A good drag husband is like a good sous chef: fast, able to take commands under high pressure and patient with the dramatics of creative/culinary genius. All these skills will be put to the test Monday, when South Bay queens Pam Cakes and Lemon Skweezy compete in SV Pride’s Drag Queen Cooking Showdown to kick off a week of Pride celebrations—with their respective partners assisting the challenge.
“He literally does anything I need him to: zip me up, unzip me, I have him glue my nails on for me. Once I get my nails on I can’t really do anything, so he’s my extra set of hands,” Pam says of her partner, Jeremy.
“There’s a lot of things you don’t realize you need until the last minute,” Lemon adds. “And then you need them now.”
Both performers (and hopefully their sous-chef/drag-husbands) are ready to feel the heat—full face of makeup and all. Over the course of my chat with them, Lemon and Pam flitted in and out of character, trading jabs as well as costume-making contacts for the show. While the event clearly has notes of both Great British Bake Off (of which Jeremy is a fan) and Drag Race, the conversation takes on hints of Keeping Up With the Kardashians as the two reveal they also share a drag mom.
Drag culture has a long-running tradition of “drag mothers,” essentially mentors to newer queens who can then claim themselves as part of a “house.” Since the art form’s roots in New York City’s primarily Black and Latin-American underground ballroom scene, drag houses have also been vital chosen families for gay and trans youth—many of them estranged from their biological families, at risk of police violence and marginalized from society.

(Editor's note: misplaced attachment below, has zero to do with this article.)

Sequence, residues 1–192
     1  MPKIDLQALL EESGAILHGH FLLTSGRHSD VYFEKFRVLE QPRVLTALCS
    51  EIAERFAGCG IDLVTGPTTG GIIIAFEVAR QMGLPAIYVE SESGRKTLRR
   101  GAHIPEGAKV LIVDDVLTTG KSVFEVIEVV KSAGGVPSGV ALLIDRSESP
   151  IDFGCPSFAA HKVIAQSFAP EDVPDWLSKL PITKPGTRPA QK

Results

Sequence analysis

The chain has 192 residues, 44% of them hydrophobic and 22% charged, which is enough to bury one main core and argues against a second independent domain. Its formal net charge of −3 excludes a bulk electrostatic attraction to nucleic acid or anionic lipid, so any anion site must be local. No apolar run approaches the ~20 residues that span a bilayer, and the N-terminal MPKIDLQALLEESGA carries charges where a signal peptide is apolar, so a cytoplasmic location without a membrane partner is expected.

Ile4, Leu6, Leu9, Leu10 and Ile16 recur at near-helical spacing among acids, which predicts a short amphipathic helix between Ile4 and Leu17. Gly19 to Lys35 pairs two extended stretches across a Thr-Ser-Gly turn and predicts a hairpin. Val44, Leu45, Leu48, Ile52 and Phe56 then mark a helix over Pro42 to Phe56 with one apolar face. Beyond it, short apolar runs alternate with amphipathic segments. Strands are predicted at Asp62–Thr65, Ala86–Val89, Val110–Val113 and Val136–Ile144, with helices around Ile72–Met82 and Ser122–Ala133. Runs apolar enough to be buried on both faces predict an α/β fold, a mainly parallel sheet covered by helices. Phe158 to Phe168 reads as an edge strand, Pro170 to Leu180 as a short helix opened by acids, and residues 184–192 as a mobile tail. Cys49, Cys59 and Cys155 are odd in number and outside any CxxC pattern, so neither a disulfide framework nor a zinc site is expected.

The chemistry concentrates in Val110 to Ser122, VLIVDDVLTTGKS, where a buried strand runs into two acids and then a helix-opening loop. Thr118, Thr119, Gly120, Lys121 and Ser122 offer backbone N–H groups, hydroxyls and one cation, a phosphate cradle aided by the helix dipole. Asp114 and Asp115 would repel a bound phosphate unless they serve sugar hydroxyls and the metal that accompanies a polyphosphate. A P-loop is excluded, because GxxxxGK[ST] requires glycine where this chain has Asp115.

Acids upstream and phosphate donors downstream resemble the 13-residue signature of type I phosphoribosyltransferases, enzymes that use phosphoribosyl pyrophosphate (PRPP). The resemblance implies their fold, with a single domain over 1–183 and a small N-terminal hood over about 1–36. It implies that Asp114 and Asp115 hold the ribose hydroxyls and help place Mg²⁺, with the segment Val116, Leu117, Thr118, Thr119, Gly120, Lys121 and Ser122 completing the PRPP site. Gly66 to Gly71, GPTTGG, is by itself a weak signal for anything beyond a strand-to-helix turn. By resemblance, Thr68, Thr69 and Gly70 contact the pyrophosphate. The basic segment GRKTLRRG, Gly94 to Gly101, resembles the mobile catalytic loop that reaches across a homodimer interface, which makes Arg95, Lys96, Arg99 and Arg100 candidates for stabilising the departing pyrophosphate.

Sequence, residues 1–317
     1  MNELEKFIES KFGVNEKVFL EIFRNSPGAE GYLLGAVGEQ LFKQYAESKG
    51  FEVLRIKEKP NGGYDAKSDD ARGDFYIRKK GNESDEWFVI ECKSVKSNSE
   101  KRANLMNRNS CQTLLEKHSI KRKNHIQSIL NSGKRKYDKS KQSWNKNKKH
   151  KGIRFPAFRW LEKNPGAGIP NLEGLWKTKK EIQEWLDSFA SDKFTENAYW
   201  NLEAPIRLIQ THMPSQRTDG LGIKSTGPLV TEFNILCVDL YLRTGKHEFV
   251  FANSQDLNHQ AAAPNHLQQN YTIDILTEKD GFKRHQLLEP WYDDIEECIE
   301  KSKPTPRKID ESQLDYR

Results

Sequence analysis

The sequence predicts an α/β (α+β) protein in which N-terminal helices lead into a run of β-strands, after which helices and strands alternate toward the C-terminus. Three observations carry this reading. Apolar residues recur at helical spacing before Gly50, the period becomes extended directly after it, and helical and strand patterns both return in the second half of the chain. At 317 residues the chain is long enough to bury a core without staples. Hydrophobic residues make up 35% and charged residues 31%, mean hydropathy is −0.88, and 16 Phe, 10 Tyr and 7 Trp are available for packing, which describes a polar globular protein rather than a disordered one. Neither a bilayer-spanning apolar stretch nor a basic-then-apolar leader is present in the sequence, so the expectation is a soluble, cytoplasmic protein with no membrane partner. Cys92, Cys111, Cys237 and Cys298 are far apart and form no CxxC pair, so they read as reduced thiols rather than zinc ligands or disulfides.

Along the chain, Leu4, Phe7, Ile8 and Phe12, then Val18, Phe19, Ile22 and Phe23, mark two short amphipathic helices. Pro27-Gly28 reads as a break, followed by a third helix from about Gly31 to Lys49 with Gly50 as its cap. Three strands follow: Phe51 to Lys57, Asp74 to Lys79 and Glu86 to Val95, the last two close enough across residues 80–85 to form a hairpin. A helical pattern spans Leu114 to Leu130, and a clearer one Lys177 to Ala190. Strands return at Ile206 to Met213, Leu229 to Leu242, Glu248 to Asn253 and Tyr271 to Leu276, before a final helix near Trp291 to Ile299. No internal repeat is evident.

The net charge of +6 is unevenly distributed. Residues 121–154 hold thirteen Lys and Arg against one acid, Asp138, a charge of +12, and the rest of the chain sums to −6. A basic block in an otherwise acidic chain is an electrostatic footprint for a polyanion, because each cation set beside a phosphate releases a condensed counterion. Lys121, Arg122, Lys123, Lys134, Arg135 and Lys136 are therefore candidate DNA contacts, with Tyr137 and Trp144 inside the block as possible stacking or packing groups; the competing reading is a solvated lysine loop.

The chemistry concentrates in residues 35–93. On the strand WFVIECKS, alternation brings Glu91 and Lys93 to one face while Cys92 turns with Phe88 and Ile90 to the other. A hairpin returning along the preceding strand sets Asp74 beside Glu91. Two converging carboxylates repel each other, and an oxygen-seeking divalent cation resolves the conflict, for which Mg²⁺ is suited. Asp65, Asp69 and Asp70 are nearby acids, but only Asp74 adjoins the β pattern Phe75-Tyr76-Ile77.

While drag has entered the mainstream radar in a post-RuPaul world, drag mothers and houses remain a part of the culture, for both aesthetic and honor. Pam Cakes and Lemon Skweezy are both fairly recent additions to House of Woo, namesake of local celebrity WooWoo Monroe.
“We’re very new drag daughters to her post-pandemic,” Pam says, whose persona formed over lockdown with performance videos. She cites whispers that WooWoo may be a guest judge for the showdown as well, adding to the theatrics: “Mom has to choose between us.”
“It’s been really dramatic—traumatic too,” Lemon says. “I don’t know if me and Pam’s relationship can take much more of this.”
“It probably won’t survive,” Pam says, laughing.
Lemon quips, “I’ll do my meltdown research.”
We discuss the possibility of a food fight breaking out on stage.
The sisters’ commonality of food-based names is coincidental (Skweezy was inspired by Liz Lemon, while Pam Cakes was inspired by, well…), but the two are both passionate about Drag Brunch, the monthly SV Pride event that birthed the Cooking Showdown in 2018.
“It’s electric, they make it a really welcome spot for everybody,” Lemon says of current hosts Alpha Andromeda and Jackie Layshun. While events like brunches, bingo games, and cooking competitions are relatively new to drag, they become popular as novel and less bar-centered ways of building and celebrating queer communities, as well as an opportunity to show a different side of one’s drag persona than may come out during a lip-synced number.
“It’s a little more expressive, a different experience,” Lemon explains.
Even as nemeses, Pam and Lemon are excited to share the Showdown stage as one big family. While the two queens have made a music video together set to Dolly Parton’s “Two Doors Down,” this will be their first shared live event.
“I think the four of us are gonna have a bunch of laughs doing it, and maybe forget the crowd is even there,” says Pam.
When the subject of actual cooking skills shows up, the drag sisters make dinner plans for the real world as well.
“You guys are gonna have us over soon, right?” Pam asks. Lemon replies in the vocal equivalent of a giant wink: “Yep, absolutely! And I promise I won’t poison it.”
Drag Queen Cooking Showdown
Mon, Aug. 23, 6pm, Free
Homewood Suites, Sunnyvale